Road Test: Porsche Panamera 4S Diesel
Porsche’s luxury saloon has developed into an incredibly capable all-rounder, reckons Alex Grant.
SECTOR Luxury PRICE £93,379 FUEL 6.8-6.7l.100km CO2 178-176g/km
Though Porsche had toyed with launching a four-seat coupé back in the early 1960s, it took until 2010 for that idea to reach reality with the first Panamera. Part sports car, part luxury saloon, it was as divisive as it has been popular, often outselling the Boxster and Cayman globally, despite the lure of the fashionable, versatile Cayenne.
A little like the SUV line-up, Porsche started well but it took a generation to get the full concept right. The Panamera, now on an all-new platform developed in-house, is longer, wider and slightly taller than the original, but also much better proportioned with its slim 911-like rear lights, broad shoulders and raked roofline. This is a big car, at over five-metres from end to end, but it finally looks comfortable in its own metalwork, something the old one never really managed.
That evolution isn’t skin-deep. There are petrol, diesel and plug-in hybrid drivetrains to choose from, each with four-wheel drive and an eight-speed PDK gearbox. Diesel comes in a little higher up the range than it did before; a 416bhp 4.0-litre twin-turbocharged V8, where the old car had a 296bhp 3.0-litre V6, yet it’s no less efficient.
It ticks two diverse boxes very neatly. There’s barely any wind, road or engine noise at motorway speeds and, while it’s not as smooth-riding as most of its closest rivals, a focus on agility hasn’t compromised ride quality too heavily, at least with the optional air suspension fitted. Ticking over in eighth gear, and with the engine automatically decoupling itself at low loads, it’s easy to get between 40 and 45mpg on a long journey, which is staggeringly impressive.
But this takes willpower. With peak torque of 627lb/ft available from 1,000rpm, there’s an ever-present feeling that you’re sat on enormous performance reserves. In sport mode, with all eight cylinders firing, both turbochargers and that fantastic chassis underneath, it’s easy to forget that this is a two-tonne luxury saloon. If you’re seduced by the styling, then the driving experience won’t disappoint.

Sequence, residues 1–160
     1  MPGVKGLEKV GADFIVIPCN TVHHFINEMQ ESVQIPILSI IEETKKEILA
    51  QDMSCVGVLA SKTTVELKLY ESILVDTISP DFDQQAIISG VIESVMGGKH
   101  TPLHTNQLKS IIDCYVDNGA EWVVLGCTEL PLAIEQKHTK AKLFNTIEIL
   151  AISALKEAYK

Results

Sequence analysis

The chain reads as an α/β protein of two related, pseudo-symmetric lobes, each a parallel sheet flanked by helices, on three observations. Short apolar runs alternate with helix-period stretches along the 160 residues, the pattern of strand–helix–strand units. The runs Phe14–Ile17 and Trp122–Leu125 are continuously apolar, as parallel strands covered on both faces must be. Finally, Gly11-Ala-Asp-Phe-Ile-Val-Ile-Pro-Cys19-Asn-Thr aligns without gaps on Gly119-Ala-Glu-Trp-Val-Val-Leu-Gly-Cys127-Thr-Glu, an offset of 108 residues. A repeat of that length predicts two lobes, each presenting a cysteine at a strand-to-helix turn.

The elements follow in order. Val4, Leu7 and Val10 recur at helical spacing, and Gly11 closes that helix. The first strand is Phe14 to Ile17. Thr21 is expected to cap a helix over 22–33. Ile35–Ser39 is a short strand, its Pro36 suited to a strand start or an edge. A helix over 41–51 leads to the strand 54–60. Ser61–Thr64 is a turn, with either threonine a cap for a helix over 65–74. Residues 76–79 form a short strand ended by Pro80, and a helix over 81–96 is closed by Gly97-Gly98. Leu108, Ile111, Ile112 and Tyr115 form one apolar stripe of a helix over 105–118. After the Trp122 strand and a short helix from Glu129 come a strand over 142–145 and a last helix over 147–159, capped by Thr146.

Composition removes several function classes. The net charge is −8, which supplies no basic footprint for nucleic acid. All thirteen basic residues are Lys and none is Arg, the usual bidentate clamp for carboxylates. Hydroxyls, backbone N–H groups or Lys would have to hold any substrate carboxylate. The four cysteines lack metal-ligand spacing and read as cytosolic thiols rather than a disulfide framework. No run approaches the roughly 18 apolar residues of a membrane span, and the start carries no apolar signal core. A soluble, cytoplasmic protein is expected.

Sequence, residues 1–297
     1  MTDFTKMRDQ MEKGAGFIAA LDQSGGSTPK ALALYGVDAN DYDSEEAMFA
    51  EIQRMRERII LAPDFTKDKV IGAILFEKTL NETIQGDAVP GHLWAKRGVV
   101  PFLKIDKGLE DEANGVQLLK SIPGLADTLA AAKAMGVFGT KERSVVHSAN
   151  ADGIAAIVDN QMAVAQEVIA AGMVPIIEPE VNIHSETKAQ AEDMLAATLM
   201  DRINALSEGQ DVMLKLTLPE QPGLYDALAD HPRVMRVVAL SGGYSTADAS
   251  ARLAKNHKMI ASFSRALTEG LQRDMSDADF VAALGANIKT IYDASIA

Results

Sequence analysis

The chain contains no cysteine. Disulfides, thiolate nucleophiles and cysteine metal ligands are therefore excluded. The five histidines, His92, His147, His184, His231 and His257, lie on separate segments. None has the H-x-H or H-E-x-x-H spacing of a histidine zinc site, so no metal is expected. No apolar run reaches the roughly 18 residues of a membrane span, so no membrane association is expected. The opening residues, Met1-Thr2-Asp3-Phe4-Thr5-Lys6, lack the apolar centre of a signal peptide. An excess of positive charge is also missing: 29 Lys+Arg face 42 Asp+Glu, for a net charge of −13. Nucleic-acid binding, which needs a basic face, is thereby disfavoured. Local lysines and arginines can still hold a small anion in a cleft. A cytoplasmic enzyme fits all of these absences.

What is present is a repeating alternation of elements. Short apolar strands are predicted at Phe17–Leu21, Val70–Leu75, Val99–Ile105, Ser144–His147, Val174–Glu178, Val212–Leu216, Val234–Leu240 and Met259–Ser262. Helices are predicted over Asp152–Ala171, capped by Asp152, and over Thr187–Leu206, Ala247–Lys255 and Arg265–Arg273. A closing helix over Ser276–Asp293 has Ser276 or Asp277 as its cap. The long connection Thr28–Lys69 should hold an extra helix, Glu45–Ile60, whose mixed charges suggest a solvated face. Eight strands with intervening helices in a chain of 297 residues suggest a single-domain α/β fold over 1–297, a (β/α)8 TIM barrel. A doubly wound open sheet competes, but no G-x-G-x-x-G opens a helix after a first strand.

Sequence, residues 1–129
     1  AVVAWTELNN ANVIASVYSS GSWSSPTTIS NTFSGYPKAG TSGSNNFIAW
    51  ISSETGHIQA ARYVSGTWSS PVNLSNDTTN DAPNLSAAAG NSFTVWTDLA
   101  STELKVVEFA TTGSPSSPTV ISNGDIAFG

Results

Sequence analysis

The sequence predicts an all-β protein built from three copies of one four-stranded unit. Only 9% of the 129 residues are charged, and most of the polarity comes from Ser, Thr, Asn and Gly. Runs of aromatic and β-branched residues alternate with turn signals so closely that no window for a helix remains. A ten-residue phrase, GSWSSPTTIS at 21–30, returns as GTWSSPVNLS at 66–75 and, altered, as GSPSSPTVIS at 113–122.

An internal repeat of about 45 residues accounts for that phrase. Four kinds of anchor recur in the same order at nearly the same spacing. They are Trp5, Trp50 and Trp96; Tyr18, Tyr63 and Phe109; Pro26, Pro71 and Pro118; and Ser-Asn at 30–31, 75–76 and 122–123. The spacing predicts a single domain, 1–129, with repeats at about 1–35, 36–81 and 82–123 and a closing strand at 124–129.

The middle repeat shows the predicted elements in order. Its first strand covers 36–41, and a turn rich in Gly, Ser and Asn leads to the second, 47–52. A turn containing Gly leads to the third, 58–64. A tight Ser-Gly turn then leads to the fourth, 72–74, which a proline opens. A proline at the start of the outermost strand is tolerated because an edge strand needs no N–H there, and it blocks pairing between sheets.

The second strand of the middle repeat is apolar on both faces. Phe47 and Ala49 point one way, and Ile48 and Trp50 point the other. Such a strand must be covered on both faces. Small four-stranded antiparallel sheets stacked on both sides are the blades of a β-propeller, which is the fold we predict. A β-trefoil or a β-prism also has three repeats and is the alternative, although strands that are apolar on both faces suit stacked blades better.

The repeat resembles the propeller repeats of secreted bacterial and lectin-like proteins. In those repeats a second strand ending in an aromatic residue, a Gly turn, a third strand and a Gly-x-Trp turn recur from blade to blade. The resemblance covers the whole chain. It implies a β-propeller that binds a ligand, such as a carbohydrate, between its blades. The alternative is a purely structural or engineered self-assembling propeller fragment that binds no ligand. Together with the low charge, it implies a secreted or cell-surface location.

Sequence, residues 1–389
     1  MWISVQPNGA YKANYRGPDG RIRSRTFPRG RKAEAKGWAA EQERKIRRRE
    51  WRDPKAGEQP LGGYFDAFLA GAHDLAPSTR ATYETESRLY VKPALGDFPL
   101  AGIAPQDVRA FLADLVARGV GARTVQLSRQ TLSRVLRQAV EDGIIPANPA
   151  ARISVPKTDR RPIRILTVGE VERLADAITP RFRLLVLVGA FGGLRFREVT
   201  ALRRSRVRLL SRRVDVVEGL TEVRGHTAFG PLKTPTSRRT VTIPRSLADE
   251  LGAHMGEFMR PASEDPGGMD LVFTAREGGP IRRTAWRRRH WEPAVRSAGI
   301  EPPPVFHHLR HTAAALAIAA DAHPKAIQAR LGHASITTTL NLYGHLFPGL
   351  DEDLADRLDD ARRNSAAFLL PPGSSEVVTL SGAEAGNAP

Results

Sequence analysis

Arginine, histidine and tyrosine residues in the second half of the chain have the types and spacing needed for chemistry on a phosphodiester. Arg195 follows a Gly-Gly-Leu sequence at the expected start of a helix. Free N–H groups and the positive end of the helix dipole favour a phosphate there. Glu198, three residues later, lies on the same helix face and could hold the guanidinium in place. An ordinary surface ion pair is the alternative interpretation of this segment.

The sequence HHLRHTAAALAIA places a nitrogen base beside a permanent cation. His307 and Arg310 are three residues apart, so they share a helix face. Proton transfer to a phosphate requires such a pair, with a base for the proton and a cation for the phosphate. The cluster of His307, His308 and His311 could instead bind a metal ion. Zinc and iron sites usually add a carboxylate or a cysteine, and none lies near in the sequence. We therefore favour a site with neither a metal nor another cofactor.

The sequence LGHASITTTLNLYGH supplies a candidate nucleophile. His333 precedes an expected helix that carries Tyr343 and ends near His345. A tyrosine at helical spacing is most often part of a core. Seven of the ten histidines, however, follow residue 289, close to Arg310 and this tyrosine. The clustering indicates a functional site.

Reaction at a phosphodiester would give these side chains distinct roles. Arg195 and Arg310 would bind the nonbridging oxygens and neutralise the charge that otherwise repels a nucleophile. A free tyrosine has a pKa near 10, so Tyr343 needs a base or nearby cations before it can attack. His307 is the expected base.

Neither will the cabin. It’s a generation ahead of its stablemates, with a wide 12.3-inch touchscreen home to most functions and the rest appearing out of a gloss black panel on startup. Rear-seat occupants get two individual, folding, sports seats to match the front, and boot capacity has increased 10% between generations.
It’s not perfect from a usability point of view, though. Porsche’s keyless start system requires twisting a key-like knob on the dashboard, which seems pointless if you’ve already got your keys out to open the doors, while drivers may also find the lack of side support on the front seats a bit disappointing. But, overall, it merges two diverse briefs very effectively.
Plus there are some additional reasons to take note; such as the Sport Turismo estate version, and the new 456bhp, 56g/km plug-in hybrid, which could lure customers out of Tesla showrooms. While it’s taken a generation to fine tune, the Panamera has finally got that long-considered luxury coupé concept just right.
What we think
Better looking, better to drive, and more usable, the Panamera has matured into a great all-rounder for those lucky enough to choose one.